How to view pageviews in Google Analytics

  1. Log in to your Google Analytics account at analytics.google.com.
  2. In the left-hand sidebar, click on "Reports" > "Engagement" > "Pages and Screens"
  3. You will now see a report showing the pageviews for all the pages on your website. The data includes metrics such as pageviews, unique visitors, and average time on page.
  4. To view pageviews for a specific page, use the search bar above the table to search for the page URL or title.
  5. To analyse pageviews over a specific time period, use the date range selector in the top right corner of the screen. You can choose a predefined date range or set a custom range.
Track pageviews in Google Analytics
Track your pageviews in Google Analytics

2. Average time on page

Average time on page is a self-explanatory but often overlooked content metric. It measures the average time visitors spend viewing a specific webpage or piece of content and is calculated by dividing the total time spent on a page by all visitors by the number of visits to that page. 

Average time on page gives you an idea of how effectively your content captures and holds your audience's attention. Generally speaking, the higher the number, the better. When visitors spend longer on a page, it suggests that they find the content engaging, relevant, and valuable. On the other hand, if the average time on page is low, it could indicate that visitors aren't finding the content compelling enough to stick around.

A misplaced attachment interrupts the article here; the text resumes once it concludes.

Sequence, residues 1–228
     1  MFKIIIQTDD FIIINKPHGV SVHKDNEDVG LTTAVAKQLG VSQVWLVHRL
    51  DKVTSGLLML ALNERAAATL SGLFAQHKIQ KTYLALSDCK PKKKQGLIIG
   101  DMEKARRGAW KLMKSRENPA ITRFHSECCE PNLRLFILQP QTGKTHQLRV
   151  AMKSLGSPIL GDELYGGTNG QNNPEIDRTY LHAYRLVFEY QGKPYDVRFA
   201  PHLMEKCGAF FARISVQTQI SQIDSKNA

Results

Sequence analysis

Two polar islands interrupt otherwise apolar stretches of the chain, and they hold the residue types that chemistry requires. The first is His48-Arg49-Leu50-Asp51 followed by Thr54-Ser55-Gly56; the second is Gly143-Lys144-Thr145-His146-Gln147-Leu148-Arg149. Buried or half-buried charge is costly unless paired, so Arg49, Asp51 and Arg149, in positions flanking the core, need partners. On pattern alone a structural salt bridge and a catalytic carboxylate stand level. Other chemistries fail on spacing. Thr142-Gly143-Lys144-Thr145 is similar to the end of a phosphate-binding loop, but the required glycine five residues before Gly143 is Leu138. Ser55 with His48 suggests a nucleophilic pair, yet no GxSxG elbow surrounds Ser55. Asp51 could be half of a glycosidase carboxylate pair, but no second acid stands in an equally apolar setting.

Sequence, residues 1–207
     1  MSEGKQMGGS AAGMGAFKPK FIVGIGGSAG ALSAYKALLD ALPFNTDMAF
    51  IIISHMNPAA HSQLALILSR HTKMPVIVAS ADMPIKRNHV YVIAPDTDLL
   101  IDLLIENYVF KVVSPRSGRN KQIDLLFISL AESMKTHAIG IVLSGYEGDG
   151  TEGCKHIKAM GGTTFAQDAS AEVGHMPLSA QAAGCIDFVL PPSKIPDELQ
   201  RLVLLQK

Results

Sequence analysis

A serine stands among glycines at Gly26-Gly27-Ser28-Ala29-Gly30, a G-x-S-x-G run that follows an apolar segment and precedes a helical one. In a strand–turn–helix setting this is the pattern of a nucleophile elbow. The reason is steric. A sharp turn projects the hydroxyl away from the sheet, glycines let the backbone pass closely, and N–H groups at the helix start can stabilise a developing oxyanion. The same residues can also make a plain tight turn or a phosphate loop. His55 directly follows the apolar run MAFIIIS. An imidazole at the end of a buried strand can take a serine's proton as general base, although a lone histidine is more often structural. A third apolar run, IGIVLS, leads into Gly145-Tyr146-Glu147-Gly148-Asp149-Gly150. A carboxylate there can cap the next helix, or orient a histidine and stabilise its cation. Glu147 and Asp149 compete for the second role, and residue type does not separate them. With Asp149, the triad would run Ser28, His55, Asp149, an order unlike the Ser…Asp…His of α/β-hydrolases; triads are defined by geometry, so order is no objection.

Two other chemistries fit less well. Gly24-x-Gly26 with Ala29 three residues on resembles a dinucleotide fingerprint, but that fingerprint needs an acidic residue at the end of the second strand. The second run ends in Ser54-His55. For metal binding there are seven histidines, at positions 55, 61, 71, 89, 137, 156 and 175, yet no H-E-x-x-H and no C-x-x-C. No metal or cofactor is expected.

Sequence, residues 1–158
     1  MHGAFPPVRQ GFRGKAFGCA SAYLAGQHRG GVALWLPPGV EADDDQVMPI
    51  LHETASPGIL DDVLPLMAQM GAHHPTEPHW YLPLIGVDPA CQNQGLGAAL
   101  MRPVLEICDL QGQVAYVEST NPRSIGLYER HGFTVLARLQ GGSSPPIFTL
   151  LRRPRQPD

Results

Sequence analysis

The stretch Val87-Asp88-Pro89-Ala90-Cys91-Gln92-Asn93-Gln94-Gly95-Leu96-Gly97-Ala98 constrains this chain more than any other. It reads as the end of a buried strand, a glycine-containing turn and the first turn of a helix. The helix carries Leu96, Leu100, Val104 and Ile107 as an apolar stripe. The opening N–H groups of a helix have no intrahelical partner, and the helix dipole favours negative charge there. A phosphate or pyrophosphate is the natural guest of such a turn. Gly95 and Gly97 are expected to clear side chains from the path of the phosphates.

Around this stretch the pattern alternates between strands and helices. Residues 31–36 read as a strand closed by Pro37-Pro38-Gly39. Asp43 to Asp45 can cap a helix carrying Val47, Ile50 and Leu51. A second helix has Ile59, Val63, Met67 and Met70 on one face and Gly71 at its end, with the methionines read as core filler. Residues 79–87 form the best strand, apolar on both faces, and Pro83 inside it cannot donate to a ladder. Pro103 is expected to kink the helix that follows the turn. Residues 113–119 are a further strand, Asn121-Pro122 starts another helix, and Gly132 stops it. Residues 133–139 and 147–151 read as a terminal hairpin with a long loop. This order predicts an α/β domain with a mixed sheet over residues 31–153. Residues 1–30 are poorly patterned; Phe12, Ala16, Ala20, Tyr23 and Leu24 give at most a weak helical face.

When you combine average time on page with the number of pageviews, you get a more detailed picture of how your content is performing. While pageviews measure the traffic your content gets, average time on page measures how engaged your audience is. 

Let's look at an example. 

I published the following two blog posts on my old company's website:

Post A: "What is a travel allowance? Definitions and insights"

Pageviews: 11,562

Average Time on Page: 1 minute

Post B: "How to do an end-of-year expense report"

Pageviews: 5,987 

Average Time on Page: 6 minutes

While Post A has almost double the pageviews of Post B, the average time on page for Post B is much higher. This suggests that while Post A is attracting more clicks, readers are much more engaged with the practical, how-to content of Post B. Based on this, I concluded that while high-level content may pique people’s curiosity and attract clicks, our audience is clearly interested in more actionable content that dives deep into a topic. 

Average time on page shows how effectively your content captures and holds your audience's attention
A higher average time on page can indicate higher engagement

Knowing how long visitors stay on a page can also help content marketers tell apart real visitors from bots. Bots usually hop from one page to another without really engaging with the content, which results in very short average times spent on each page. On the other hand, humans tend to spend more time consuming and interacting with the content they're interested in, resulting in higher average time on page. So, if you find any pages or content with unusually low average times spent on them, that could mean a considerable amount of that traffic is coming from bots instead of real people.

3. Unique visitors